On September 3, 1988, unaware of respondent's troubles in the earlier transaction, the Hulls retained respondent to represent them in their purchase of property from the Stockhamers. Respondent never advised the Hulls that Yagoda had instituted a lawsuit against respondent and had been awarded a default judgment, and, most importantly, that respondent had failed to use the American Express funds to pay off the mortgage on their property. After encountering difficulties in connection with the Stockhamer closing, the Hulls fired respondent and hired a new attorney.
When the Hulls attempted to sell the property they had purchased from the Homers, their buyer discovered the Yagoda lien. The Hulls were forced to pay Yagoda the amount of the judgment, $1,349.86, in exchange for an assignment of the judgment. That transaction delayed the closing for five months while the Hulls attempted to acquire sufficient funds to satisfy the judgment. In July 1989, respondent signed a promissory note acknowledging a $2,003.00 debt to the Hulls and agreeing to reimburse them for the amount of the outstanding judgment and for an additional sum of $700 that the Hulls had
given respondent in connection with the Stockhamer transaction. As of March 1, 1991, the date of the DRB decision, respondent had paid only $400 of that total debt.
Respondent testified that he did not deposit the American Express check in his trust account because he was "in a big hole financially." His testimony is summarized in the Decision and Recommendation of the DRB:
Respondent testified that during this time he was in dire financial straits. In 1983, he had purchased a rooming house, a "dump," as he described it. Numerous and extensive repairs had to be made on the property, as required by the Department of Community Affairs. In 1985, respondent advanced $6,000 to a contractor who failed to perform the work. Although respondent obtained a judgment against the contractor, the latter was judgment-proof. In late 1986, the Department of Community Affairs filed suit against respondent for failure to make the required repairs. As a result, respondent was fined $11,000. After he exhausted his savings and borrowed monies from his mother, he was left with no funds. In addition, the mortgage payments on the property became delinquent when the rents received proved insufficient to cover the carrying expenses, including oil and electric bills. In October 1987, the mortgagee filed a foreclosure action.
Respondent was also beset with personal problems. He had received a letter from a matrimonial attorney, advising him that his wife had consulted with the attorney about starting divorce proceedings.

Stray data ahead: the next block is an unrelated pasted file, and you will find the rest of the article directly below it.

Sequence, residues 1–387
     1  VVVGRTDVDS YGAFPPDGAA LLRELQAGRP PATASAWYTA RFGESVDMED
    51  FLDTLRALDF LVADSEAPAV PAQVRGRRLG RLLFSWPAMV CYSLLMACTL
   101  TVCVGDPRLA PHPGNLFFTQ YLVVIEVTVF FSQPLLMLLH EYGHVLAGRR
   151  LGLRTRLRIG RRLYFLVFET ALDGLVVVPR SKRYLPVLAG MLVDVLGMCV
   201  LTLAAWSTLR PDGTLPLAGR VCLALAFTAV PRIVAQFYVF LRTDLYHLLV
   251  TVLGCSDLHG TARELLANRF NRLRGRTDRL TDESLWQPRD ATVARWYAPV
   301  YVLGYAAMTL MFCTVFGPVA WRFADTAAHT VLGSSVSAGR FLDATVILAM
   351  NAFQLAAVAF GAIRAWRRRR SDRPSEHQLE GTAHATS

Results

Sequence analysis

According to respondent, he owed $1,400 to the electric company. When he received the check from American Express,
Because Jersey Central Power and Light came by and shut my electricity off. That check was like Manna from heaven. I rationalized to myself. "Well, hey, even if I give it to [Yagoda] it's going to be short because I owe him $3,500." I said, "Well, I already promised to pay him. What I will do is I'll use this money towards my debts and then I will take care of the mortgage as soon as I can." I was arranging to refinance. I figured I would pay him off. I promised him he would get his money. I said, "Okay, I will pay him off when we refinance."
Respondent acknowledged that, in retrospect, he should have paid Yagoda with the American Express check. He added, however, that
I legitimately thought I had a right to use that money based on the promise that I had made to Mr. Yagoda, telling him that I would be responsible, I would make sure that he got his money. I felt I had a legitimate right to use it.
At the DEC hearing OAE Chief Auditor Gerald Smith testified that when he interviewed respondent on March 27, 1991,
respondent told him that when he received the American Express check, his utilities had been shut off due to non-payment of the bill. Smith also related that respondent told him that he had "panicked" and had used the returned funds to pay his business and personal expenses. Smith testified that respondent admitted that they were trust funds and that he said "I guess I dipped a little deeper than I should have." According to Smith, respondent was "tearful and expressed remorse" for his actions.
Respondent's defense, as expressed by his attorney, is that "in his mind [respondent] substituted in place of $3,400 that he was short that was Yagoda's, he substituted his promise to pay that back, his own personal moral promise to pay that back. That's why he felt comfortable [in issuing those funds to pay his bills]." When asked on cross-examination, however, respondent testified that he had had no special arrangement with Yagoda to pay the money back.
A. Special arrangement, no, I didn't say anything about that. I said he had made several phone calls to me inquiring about the status of the money and I just kept giving him assurances that he would be paid.
Yagoda, however, testified that he had only given respondent additional time to pay the balance of the mortgage but that he had not made a special arrangement or loan.
Q. Did you yourself personally make any special arrangements whereby Mr. Rogers could take his time in making payments of this loan?
A. Mr. Rogers and I discussed this over the phone. He asked for additional time. I gave him the time. Apparently he ran into more difficulty and he couldn't conform to the time frame that he volunteered and at the latter part the monies were not coming ...